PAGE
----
Wednesday, March 10, 2010

Tutorials have become an integral part of learning. As Dr. Orey stated in the DVD tutorials are used from instructions to learning the computer to learning how to play a game. Everybody offers tutorials to give a quit lesson on the subject. Tutorials remind me of what we used in college English classes on books we were suppose to read called Cliff Notes, they were an abridged version of the story just to give you the highlights so you could pass the test. Tutorials are instructions for what you need to know, but not detailed necessarily.

Behaviorism learning is the basic school policy. Students behave they learn, they do not behave they do not learn. Reward good behavior and punish bad is the way of the school. Intrinsic motivation is hard to get when students have been conditioned to believe they should be rewarded for doing what they were suppose to do. Change is hard and breaking out of the mold is sometimes even harder. Using technology as a reward is not the answer either. Students have technology at their fingertips all the time and therefore it does not encourage them to do what they should like it would when I was a student and did not have the technology available like they do today.

Dr. Pat Wolfe talked about last week that students need to use as many modalities as possible to remember the information. I agree that students need to hear the information and practice but I do feel we can use technology to help them find different ways to practice and use the information. We have to make the learning meaningful for the students to want to learn what we have to teach them.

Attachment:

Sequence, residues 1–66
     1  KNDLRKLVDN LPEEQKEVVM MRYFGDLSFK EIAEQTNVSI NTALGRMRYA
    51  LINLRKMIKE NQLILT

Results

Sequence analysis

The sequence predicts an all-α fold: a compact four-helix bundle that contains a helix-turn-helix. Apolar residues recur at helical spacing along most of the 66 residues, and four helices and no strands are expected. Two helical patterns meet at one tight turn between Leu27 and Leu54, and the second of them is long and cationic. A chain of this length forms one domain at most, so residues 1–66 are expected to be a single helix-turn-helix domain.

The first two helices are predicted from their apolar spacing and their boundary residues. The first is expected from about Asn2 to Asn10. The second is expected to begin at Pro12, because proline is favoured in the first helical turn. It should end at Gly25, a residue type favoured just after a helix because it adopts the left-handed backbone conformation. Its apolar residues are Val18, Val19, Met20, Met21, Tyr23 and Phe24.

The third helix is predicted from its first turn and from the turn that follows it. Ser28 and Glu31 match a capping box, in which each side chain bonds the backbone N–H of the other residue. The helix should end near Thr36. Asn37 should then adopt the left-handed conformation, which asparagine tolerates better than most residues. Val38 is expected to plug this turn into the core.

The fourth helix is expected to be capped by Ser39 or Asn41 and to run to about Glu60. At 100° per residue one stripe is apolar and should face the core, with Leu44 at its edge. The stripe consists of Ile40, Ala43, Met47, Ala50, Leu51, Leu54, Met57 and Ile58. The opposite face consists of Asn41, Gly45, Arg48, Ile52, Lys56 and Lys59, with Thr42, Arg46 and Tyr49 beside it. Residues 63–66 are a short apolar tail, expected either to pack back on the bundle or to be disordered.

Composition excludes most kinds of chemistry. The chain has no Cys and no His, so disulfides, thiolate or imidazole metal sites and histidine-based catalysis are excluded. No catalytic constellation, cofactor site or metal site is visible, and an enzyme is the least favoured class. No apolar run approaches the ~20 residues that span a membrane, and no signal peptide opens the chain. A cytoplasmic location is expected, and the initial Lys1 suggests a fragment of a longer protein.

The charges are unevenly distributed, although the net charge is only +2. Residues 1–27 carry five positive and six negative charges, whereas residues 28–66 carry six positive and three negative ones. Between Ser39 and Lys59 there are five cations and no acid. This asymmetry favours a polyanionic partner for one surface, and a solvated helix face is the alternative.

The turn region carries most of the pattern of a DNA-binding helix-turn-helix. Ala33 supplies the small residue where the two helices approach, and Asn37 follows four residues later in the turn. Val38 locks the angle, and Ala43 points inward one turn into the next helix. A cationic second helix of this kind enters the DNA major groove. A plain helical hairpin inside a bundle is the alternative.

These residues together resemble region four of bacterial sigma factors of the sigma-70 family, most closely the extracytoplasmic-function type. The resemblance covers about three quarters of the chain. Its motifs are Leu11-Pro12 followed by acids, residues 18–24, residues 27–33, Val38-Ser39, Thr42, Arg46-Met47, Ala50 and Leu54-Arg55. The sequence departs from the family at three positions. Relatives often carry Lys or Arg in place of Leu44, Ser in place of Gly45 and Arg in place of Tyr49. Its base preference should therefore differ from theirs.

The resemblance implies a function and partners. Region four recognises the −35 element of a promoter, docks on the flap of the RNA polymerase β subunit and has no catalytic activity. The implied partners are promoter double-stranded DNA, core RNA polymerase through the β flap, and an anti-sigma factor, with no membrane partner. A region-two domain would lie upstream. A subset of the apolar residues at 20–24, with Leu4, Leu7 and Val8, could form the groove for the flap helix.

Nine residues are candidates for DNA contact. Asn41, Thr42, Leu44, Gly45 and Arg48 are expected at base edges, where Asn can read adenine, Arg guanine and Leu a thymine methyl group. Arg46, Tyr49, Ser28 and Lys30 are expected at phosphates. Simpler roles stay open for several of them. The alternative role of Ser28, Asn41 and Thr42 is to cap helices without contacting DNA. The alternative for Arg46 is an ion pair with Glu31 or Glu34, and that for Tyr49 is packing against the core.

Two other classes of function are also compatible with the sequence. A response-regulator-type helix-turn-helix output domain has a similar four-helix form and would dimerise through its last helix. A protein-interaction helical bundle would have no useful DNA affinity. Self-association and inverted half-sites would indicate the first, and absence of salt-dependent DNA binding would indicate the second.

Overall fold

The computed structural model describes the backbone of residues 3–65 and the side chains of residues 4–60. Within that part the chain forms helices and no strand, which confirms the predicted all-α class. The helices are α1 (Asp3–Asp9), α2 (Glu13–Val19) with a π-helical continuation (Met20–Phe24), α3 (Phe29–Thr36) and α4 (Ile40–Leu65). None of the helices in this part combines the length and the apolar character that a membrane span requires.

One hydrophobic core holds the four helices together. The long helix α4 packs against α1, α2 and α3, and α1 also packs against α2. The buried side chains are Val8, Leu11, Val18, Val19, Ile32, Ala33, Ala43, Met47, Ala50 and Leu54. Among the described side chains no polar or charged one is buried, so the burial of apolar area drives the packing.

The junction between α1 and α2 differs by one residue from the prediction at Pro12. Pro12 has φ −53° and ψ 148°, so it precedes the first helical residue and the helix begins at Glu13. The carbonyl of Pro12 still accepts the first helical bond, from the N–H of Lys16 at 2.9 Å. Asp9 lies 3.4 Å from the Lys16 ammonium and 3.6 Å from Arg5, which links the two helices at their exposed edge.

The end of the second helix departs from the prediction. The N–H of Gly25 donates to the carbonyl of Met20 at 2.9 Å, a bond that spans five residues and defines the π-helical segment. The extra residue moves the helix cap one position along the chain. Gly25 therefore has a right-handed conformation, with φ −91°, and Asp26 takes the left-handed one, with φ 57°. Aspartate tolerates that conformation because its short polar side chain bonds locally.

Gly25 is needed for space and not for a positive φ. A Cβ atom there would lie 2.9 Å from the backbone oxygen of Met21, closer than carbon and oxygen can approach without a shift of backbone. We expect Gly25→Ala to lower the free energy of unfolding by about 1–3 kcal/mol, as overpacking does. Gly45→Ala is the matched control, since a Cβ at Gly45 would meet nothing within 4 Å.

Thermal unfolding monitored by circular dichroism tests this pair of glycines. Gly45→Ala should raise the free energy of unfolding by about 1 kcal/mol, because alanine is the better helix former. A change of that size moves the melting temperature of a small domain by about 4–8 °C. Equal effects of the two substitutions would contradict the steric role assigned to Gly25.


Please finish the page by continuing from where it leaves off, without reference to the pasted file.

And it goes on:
1. I agree that using technology as a reward is not the answer either. Most students in my classroom feel that if they rush to get their assignments completed then they should be able to surf the net or play games. I had to put a stop to that early on in the school year because they were more concerned with playing on the computer than learning the material.

  2. Students do not need tutorials. They need to inquire. One of my students told me just the other day when we worked on SketchUp, "I hate tutorials and manuals. I just get in and figure out things myself.". That is why I think "digital natives" are much more successful than use when it comes to using technology. I also agree that technology should not be offered as a reward but integral part of everyday program.